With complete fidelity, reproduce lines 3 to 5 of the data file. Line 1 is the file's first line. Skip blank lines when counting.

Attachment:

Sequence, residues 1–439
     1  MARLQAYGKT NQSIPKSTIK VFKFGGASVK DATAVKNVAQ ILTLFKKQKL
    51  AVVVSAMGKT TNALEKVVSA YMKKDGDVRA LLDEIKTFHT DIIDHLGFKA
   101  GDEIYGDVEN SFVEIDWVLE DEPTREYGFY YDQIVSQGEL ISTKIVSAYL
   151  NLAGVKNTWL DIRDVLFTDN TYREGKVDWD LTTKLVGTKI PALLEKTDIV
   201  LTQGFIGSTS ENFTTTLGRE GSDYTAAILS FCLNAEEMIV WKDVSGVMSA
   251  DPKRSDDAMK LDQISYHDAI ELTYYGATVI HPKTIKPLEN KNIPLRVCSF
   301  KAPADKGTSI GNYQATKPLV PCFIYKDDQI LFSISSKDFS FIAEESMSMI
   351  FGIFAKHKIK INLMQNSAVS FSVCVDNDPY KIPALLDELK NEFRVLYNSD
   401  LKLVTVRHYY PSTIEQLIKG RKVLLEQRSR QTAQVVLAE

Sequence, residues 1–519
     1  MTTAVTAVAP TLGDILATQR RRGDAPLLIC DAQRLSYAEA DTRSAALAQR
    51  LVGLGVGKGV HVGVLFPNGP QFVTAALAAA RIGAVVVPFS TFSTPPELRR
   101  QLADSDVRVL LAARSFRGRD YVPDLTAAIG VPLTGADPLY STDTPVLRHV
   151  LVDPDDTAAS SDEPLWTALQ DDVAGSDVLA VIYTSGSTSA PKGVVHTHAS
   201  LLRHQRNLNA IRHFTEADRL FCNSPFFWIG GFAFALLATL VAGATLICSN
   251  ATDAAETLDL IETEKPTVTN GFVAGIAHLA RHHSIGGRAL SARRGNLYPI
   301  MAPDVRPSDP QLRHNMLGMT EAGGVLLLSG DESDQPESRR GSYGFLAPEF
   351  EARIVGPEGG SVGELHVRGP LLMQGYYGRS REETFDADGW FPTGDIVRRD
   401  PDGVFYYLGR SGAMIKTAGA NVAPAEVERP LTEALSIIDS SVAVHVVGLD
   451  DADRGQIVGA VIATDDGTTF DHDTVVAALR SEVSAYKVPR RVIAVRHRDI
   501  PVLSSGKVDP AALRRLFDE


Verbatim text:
    51  AVVVSAMGKT TNALEKVVSA YMKKDGDVRA LLDEIKTFHT DIIDHLGFKA
   101  GDEIYGDVEN SFVEIDWVLE DEPTREYGFY YDQIVSQGEL ISTKIVSAYL
   151  NLAGVKNTWL DIRDVLFTDN TYREGKVDWD LTTKLVGTKI PALLEKTDIV